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Ecological Section

Dolan, Rebecca W. [1], Schnabel, Andrew [2], Marr, Deborah [3].

Genetic variation in plants in restored prairie populations at Kankakee Sands, Indiana.

Genetic variation in populations, both natural and restored, is crucial for response to short term environmental stresses and for long term evolutionary change. Kankakee Sands is a large-scale restoration being conducted by The Nature Conservancy in northwestern Indiana. Our goal was to examine levels of genetic variation in restored sites and to compare them to levels in remnant seed source, and other remnant populations, to see if seed collection and planting techniques are capturing representative genetic variation. To have the best chance of successful long term survival, restored populations should reflect the extant variation found in remnants. Isozyme analysis of 4 species (<i>Baptisia leucantha, Asclepias incarnata, Coreopsis tripteris</i>, and <i>Zizia aurea</i>) showed 60 of 70 (86%) alleles detected in remnants are present in restorations, in frequencies that reflect their occurrence in natural remnants. Although overall levels of genetic variation in remnants are not high, our results indicate that seed collection techniques used at Kankakee Sands are capturing a representative sample of the variation present in seed source remnant populations.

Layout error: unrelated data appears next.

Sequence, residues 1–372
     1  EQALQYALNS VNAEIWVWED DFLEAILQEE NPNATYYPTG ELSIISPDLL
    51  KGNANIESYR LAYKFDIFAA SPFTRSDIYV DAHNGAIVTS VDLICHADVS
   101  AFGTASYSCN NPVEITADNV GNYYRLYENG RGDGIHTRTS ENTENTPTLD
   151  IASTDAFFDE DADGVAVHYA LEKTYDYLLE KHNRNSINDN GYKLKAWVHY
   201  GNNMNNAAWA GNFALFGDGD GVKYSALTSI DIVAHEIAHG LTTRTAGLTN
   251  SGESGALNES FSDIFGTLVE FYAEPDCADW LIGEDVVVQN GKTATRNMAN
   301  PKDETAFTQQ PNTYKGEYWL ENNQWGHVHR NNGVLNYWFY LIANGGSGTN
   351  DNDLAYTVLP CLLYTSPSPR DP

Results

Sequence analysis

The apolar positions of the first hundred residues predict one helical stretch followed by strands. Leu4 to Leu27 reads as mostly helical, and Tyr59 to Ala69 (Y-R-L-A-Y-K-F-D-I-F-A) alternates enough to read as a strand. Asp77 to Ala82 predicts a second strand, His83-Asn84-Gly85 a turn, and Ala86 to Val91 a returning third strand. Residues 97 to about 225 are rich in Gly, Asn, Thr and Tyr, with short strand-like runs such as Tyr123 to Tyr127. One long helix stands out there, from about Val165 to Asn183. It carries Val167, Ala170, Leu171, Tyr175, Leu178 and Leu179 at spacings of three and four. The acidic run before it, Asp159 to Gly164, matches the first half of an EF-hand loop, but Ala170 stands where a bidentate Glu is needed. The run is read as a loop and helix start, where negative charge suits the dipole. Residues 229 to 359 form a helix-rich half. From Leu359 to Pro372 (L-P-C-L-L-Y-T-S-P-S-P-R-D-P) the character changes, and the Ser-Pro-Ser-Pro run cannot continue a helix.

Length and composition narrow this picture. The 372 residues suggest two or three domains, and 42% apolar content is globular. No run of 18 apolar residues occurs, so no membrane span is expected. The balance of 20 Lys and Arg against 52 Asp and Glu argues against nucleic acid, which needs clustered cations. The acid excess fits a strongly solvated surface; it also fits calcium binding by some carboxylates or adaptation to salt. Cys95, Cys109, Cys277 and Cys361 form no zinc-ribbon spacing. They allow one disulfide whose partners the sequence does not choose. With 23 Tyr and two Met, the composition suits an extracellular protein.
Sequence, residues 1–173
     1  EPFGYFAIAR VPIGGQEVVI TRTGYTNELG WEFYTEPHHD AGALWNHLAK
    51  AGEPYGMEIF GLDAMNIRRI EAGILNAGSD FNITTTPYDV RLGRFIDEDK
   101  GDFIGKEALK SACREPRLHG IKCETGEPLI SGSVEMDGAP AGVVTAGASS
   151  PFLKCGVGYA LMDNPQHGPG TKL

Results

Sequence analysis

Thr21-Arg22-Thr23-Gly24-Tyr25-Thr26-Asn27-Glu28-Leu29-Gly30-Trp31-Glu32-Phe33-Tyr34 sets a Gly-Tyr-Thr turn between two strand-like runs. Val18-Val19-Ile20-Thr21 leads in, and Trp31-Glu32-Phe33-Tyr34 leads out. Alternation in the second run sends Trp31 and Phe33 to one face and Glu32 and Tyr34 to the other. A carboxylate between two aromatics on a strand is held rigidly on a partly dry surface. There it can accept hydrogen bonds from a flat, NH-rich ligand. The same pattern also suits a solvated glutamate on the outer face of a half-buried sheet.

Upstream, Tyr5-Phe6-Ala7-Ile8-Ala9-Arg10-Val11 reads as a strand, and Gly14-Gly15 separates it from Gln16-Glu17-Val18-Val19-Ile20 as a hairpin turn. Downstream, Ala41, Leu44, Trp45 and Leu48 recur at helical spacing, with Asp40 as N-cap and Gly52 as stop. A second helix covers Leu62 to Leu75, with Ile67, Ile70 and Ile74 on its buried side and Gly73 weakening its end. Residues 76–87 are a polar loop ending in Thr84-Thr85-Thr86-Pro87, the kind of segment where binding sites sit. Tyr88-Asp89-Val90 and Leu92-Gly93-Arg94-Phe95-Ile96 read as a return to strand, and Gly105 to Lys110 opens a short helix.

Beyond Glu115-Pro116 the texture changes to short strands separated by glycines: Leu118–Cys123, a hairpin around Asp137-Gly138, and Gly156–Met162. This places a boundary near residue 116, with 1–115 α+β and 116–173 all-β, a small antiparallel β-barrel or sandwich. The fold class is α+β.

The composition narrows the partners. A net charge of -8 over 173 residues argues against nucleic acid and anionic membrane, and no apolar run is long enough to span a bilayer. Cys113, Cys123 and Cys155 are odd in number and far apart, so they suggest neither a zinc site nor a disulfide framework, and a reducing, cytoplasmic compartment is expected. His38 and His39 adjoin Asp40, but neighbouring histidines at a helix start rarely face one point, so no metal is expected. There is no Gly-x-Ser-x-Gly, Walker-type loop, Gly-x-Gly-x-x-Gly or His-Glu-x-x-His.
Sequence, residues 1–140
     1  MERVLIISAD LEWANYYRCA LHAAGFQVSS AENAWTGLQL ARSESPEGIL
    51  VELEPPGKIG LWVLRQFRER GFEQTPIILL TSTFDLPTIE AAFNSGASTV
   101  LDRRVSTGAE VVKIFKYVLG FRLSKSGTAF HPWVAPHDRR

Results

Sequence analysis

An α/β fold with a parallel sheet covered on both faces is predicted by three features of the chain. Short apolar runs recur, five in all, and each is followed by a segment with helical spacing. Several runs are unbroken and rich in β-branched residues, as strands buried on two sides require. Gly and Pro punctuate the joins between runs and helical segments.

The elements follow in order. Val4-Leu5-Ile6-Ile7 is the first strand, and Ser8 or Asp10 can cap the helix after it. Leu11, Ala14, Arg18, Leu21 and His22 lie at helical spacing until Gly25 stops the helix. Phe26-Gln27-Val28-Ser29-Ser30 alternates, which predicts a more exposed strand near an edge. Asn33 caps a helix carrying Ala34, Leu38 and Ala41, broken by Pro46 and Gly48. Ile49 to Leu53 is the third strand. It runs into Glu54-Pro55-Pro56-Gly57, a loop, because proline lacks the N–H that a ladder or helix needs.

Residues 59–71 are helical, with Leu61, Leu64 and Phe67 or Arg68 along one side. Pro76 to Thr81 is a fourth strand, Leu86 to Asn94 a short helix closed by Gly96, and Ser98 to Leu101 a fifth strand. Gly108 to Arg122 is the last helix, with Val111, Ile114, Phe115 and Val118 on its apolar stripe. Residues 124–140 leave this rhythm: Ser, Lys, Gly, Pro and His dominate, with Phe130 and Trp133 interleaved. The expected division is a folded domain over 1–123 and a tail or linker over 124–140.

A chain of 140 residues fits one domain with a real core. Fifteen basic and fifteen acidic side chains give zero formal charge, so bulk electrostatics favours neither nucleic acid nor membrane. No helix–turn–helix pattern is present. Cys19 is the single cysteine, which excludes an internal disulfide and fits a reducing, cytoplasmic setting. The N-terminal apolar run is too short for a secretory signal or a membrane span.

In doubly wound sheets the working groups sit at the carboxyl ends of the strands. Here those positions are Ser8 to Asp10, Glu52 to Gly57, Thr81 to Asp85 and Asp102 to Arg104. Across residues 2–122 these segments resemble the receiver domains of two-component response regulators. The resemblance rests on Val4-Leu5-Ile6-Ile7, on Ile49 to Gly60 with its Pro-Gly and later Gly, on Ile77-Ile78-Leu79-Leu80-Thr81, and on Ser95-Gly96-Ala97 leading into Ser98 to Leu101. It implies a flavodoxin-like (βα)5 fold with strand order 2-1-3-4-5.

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1 - Butler University, Department of Biological Sciences, 4600 Sunset Ave, Indianapolis, Indiana, 46208, USA
2 - Indiana University, Department of Biological Sciences, 1835 Northside Blvd, South Bend, Indiana, 46615, USA
3 - Indiana University, Department of Biological Sciences, South Bend, Indiana, 46634, USA

genetic variation
prairie restoration.

Presentation Type: Oral Paper
Session: 9-2
Location: Salon A - Gov Ballroom/Hilton
Date: Monday, August 15th, 2005
Time: 10:30 AM
Abstract ID:80

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